We’ve achieved many great things, and our work is not done. It’s important to understand, however, that what we will accomplish and innovate in the years to come will arise with and from different resources and under different economic conditions. The monumental transitions which will take place will better serve us all if we take part now in understanding the challenges we face, the options and alternatives available to us, and appreciate what today’s decisions mean for us all in the days to come. We’re not powerless nor are we dependent solely upon others to make those choices for us. [4]

We can attempt to be ahead of those changes by understanding and then planning as best we can, or we can instead take our chances that the changes and adaptations may not be all that bad after all. That’s a dicey approach in dealing with our—and our children’s—futures. [5]

What will our future be? What’s the Plan? The choice remains ours.

* My Photo: Long Beach sunrise, Rockport MA – 08.06.10

Sources:

[1] http://www.earthtribe.co/the-great-debate/; [re-post from Transition Voice at: http://transitionvoice.com/2012/07/starting-the-great-debate/; Starting the Great Debate by the Earth Tribe Team – 07.14.12
[2] Profit from the Peak: The End of Oil and the Greatest Investment Event of the Century; Brian Hicks and Chris Nelder; Wiley Publisher, 2008 – p. 188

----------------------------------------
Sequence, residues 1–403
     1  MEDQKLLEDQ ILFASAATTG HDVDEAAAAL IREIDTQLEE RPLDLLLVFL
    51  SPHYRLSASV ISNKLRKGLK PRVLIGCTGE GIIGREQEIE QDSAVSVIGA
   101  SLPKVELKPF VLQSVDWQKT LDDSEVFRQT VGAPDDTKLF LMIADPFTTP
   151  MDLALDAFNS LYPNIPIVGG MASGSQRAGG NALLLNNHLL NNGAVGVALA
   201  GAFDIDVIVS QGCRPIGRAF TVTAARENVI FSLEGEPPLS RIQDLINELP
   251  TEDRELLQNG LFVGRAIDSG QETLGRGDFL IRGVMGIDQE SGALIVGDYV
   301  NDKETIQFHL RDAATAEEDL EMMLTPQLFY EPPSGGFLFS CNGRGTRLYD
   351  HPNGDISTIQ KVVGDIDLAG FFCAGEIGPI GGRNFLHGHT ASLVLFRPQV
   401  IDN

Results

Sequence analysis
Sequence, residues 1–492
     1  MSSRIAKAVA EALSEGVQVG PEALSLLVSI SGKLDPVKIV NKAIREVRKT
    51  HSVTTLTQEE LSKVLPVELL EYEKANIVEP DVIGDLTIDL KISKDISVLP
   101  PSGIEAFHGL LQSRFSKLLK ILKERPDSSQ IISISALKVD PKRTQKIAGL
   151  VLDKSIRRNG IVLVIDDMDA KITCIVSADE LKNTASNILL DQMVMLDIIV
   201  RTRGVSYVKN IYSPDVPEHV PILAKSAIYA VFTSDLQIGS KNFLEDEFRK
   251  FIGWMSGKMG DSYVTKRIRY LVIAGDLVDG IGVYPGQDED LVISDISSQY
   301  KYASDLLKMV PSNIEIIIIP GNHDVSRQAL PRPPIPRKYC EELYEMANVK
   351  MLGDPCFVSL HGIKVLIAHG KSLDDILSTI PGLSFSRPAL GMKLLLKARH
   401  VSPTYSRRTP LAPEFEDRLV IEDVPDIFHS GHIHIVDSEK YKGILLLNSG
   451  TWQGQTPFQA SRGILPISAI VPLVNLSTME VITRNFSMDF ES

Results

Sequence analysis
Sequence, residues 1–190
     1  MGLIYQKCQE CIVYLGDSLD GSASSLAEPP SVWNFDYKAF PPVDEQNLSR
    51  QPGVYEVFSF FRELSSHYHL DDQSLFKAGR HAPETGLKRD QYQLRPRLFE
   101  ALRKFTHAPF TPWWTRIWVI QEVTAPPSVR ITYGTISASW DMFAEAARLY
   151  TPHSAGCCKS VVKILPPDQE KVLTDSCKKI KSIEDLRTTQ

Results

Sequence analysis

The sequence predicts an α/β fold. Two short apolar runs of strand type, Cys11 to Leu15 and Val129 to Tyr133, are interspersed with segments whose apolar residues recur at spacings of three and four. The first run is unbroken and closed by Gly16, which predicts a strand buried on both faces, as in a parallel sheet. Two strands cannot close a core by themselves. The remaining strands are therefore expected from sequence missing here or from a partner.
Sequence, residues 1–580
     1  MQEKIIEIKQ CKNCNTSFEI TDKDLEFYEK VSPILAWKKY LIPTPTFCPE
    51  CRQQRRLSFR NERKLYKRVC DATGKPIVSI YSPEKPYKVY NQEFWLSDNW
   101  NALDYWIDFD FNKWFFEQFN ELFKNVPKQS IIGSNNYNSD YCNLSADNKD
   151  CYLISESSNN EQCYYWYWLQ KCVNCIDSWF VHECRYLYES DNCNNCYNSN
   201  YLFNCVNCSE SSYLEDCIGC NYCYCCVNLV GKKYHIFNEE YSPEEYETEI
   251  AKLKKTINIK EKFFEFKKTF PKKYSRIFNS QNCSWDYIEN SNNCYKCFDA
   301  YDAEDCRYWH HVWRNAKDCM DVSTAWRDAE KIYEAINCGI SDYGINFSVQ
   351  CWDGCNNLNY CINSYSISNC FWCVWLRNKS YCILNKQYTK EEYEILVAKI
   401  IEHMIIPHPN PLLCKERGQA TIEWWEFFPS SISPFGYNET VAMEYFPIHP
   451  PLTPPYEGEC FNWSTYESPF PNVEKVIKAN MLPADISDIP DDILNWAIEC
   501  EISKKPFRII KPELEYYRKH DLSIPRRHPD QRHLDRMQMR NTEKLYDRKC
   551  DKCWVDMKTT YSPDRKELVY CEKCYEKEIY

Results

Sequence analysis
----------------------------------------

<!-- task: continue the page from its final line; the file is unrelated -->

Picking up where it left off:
[3] http://peakoilmatters.com/2011/01/24/peak-oil-a-new-direction-pt-3/; Peak Oil & A New Direction (Pt 3) – 01.24.11
[4] http://peakoilmatters.com/2011/03/31/peak-oil-a-new-direction-pt-7/; Peak Oil & A New Direction (Pt 7) – 03.31.11
[5] Ibid.

[NOTE: This series spins off from a recent series of posts in which I’ve discussed the need for all of us to move in a new direction as we anticipate the challenges to be confronted as a result of declining oil production in the years to come. The impact will be felt by all of us in one degree or another (a separate series, which began here and was re-established more recently here, addresses some of the day-to-day impacts.) It’s time to turn our attention to what the New Direction might be….]